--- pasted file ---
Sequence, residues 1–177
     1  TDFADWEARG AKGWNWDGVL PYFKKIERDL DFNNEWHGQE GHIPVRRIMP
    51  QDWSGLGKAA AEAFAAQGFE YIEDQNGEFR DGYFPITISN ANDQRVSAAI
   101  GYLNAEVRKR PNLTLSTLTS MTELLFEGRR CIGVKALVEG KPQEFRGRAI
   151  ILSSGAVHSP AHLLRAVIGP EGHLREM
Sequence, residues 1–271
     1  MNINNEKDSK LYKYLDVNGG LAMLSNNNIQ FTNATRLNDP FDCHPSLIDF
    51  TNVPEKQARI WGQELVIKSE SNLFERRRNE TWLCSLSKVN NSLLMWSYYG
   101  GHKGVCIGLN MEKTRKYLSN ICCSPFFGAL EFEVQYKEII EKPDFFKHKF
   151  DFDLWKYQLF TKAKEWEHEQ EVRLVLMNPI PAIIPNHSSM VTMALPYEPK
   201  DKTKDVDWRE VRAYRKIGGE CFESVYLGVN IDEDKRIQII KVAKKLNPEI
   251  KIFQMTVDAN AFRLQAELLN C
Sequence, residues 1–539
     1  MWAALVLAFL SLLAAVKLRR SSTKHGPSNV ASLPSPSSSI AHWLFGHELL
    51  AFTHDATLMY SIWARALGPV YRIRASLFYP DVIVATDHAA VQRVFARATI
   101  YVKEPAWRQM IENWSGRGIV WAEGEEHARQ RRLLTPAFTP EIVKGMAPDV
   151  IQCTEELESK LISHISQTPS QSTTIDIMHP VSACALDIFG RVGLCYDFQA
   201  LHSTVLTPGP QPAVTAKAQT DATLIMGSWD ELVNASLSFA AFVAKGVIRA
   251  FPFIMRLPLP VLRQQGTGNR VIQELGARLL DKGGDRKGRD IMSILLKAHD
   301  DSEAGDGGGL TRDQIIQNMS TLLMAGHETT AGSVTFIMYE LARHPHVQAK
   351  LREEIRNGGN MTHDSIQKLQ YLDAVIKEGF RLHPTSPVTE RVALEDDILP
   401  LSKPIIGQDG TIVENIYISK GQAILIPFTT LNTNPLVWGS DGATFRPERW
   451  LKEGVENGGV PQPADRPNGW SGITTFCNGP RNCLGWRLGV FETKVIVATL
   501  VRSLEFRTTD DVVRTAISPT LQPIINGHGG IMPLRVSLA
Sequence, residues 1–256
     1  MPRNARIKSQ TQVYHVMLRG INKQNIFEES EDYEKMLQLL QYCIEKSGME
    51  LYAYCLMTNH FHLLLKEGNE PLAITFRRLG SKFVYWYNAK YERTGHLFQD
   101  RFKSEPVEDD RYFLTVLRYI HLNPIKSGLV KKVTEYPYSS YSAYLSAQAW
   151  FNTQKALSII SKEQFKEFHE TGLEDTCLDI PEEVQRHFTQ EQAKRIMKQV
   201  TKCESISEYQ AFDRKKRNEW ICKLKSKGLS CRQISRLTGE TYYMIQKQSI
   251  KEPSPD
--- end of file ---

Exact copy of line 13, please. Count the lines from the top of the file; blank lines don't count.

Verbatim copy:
Sequence, residues 1–539